WASHINGTON — At 1:59 a.m. on Saturday, Aug. 6, Mayor Rahm Emanuel used his iPhone to send an email from his private account to Marty Nesbitt, the chair of the Barack Obama Foundation.

“Golf memo for Potus,” Emanuel wrote, using the acronym for President of the United States.

It was just about a week after President Barack Obama and first lady Michelle ended the suspense of whether their Obama Center would be located in Washington or Jackson Park, choosing Jackson Park for their library and museum complex.

Besides an iconic location near Lake Michigan and the Museum of Science and Industry, Jackson Park also has a golf course. Obama is an avid golfer.

Emanuel’s private emails exchanged with Nesbitt in August reveal, for the first time, secret maneuverings to combine the Jackson Park and South Shore golf courses — with no public input. Emanuel’s private emails were released by City Hall last week after the mayor lost Cook County Circuit Court battles.

OPINION

“It is critical for YOU that this project has the support of the Obama Foundation and the surrounding community,” Park District Supt. Michael Kelly wrote to the mayor in an Aug. 3 memo marked “draft and confidential.” The capital letters were Kelly’s.

“. . . We must be very cautious as this community typically weighs in loudly on any capital project that makes change,” Kelly wrote, referring to opposition to the Yoko Ono sculpture installation and a proposed concert pavilion, both privately funded projects on public park land.

“. . . In order to host a 2021 PGA Tour event, we need to follow an aggressive timeline,” Kelly wrote.

Key, said Kelly, was to redevelop three holes south of the South Shore Cultural Center in 2017 in order to tout it to PGA officials when top golfers compete at the BMW Championship at Conway Farms Golf Club in Lake Forest next September.

While it is not known whether Obama saw the memo, emails exchanged between Emanuel and Nesbitt between Aug. 6 and Aug. 8 showed Nesbitt received it.

The upshot: The announcement by Emanuel on Dec. 16 of a new public-private partnership between the city, the Park District and a just created group called Chicago Parks Golf Alliance, to oversee the merging of the South Side public golf courses. Golf star Tiger Woods’ company is in line to design the course, with private donations paying about 80 percent of the $30 million price tag.

“Although rumors about this have been floating, where was the transparent public process?” said a Dec. 17 posting on the website of Jackson Park Watch.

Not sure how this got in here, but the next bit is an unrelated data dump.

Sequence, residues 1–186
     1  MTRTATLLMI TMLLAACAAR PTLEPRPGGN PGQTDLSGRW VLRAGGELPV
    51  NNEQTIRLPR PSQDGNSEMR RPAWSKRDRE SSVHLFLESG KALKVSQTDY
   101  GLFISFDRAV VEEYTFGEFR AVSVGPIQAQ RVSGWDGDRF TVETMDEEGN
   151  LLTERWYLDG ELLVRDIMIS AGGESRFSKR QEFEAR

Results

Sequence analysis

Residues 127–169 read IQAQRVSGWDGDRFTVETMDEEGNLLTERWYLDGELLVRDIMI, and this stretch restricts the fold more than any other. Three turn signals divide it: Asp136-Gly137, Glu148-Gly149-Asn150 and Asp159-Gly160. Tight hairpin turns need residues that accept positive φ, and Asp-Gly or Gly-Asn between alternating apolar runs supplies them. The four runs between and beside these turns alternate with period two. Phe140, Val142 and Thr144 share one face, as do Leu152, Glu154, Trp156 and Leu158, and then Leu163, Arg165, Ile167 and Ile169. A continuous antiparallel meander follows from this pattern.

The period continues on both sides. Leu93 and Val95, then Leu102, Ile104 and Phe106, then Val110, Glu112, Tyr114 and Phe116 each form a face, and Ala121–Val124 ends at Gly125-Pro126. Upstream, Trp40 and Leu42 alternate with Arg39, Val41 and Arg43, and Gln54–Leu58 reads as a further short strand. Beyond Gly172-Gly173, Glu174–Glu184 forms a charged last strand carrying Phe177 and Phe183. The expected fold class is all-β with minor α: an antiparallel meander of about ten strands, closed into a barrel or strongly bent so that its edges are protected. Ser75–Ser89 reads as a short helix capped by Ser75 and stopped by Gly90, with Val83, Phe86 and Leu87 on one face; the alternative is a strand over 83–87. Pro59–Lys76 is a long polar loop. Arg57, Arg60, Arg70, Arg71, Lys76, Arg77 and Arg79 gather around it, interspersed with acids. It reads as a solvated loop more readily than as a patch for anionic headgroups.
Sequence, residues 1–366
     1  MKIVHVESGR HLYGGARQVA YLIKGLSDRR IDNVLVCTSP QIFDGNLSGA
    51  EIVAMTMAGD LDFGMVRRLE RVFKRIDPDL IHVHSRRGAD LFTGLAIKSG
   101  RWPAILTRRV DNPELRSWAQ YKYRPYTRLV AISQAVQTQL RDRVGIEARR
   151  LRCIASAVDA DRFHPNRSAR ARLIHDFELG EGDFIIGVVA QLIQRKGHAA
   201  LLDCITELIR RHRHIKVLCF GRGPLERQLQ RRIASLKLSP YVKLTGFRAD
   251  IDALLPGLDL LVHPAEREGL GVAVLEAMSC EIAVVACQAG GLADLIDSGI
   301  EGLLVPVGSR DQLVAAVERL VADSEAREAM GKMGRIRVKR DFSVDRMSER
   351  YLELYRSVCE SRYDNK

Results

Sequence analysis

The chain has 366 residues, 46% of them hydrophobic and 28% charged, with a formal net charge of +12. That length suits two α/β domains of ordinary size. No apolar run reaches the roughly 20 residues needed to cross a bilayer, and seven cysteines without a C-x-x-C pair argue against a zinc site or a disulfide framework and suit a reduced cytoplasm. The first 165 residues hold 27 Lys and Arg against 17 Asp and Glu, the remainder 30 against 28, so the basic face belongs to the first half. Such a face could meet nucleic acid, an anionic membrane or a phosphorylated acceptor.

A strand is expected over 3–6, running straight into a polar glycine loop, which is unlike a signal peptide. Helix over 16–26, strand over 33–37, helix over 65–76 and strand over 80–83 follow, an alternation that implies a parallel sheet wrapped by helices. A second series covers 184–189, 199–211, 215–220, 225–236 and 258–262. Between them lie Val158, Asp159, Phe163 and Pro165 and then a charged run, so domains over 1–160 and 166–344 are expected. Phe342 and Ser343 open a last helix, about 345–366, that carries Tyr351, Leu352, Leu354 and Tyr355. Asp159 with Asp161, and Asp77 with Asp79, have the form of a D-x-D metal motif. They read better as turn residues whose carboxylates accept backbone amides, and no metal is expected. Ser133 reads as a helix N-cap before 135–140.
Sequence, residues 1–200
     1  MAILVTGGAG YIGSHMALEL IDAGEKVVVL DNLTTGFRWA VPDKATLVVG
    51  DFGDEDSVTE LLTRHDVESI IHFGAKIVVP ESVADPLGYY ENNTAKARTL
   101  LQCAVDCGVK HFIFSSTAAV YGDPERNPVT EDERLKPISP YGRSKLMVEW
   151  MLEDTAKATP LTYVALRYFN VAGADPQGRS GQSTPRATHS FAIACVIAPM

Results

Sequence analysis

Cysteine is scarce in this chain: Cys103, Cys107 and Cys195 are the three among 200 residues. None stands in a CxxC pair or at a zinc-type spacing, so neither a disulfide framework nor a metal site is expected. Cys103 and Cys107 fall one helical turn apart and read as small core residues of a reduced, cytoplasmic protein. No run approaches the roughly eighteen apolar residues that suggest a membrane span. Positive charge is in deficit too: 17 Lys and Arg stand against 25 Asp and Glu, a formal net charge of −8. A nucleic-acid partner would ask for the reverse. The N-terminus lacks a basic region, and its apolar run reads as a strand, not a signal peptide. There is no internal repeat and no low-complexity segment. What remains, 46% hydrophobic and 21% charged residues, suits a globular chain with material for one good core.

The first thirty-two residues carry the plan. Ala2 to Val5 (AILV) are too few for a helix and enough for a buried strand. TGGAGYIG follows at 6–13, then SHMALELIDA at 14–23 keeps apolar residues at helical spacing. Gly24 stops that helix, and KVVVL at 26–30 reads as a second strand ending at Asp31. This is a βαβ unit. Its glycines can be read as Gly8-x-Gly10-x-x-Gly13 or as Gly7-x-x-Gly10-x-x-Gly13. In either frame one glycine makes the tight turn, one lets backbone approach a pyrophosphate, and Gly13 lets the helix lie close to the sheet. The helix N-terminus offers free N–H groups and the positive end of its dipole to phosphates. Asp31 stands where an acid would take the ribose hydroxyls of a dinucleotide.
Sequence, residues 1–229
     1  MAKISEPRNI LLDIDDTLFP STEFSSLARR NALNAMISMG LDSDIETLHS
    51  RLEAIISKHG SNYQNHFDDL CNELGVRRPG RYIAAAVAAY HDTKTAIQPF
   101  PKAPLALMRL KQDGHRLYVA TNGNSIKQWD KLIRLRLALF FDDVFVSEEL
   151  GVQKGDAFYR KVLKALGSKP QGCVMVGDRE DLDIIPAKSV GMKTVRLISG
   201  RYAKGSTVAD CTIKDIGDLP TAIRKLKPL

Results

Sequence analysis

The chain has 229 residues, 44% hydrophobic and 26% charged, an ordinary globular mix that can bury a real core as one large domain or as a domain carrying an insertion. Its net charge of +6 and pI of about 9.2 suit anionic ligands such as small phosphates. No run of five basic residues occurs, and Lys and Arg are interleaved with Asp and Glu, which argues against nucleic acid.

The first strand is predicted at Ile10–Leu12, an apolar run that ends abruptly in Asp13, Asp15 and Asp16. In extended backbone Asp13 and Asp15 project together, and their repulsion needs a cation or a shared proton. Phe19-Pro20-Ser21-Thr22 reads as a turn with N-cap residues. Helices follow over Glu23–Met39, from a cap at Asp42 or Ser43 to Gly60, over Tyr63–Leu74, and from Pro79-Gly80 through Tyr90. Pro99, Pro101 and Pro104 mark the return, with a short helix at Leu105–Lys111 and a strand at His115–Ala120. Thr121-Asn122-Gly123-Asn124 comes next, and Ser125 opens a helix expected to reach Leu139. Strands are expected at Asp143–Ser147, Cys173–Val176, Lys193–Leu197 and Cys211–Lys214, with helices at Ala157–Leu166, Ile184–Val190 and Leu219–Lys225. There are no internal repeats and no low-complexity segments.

RELATED: Obama library in Jackson Park spurs big golf course redesign

The redevelopment of Jackson Park, designed by famed landscape architects Frederick Law Olmsted and Calvert Vaux, is the focus of Jackson Park Watch, which keeps an eye on the evolving Obama Center, the proposed music pavilion and the privately funded efforts that led to the Yoko Ono installation on the Wooded Isle.

The watchdog group noted that the rubber stamp Park District board didn’t even bother to approve its partnership with the new Chicago Parks Golf Alliance.

Other highlights of the Kelly memo:

• Mark Rolfing, the “president and founder” of the Alliance — who is the NBC PGA Tour Golf Channel analyst — actually “partnered” with the Park District “to be our Golf Facilities and Industry Advisor,” Kelly revealed in his memo.

• Rolfing and Kelly both spoke with Nesbitt about a proposed site visit by Tiger Woods. “We think a meeting with the foundation is an excellent idea, but we are concerned about media exposure if Tiger is seen in Chicago’s south side. Nevertheless, we defer to Marty on this matter and he has our support.”

At 1 p.m. on Aug. 8, Emanuel wrote Nesbitt, “Call me to discuss memo when you have a moment.”

The revamped South Side golf courses could be a related element in the overall design and programming for the Obama Center. Donors may be pitched both projects. In the future, the Obama Center may want to be involved in encouraging minority youths to golf.

We don’t know Nesbitt’s reaction or plans. A Foundation spokesman declined to comment for this column.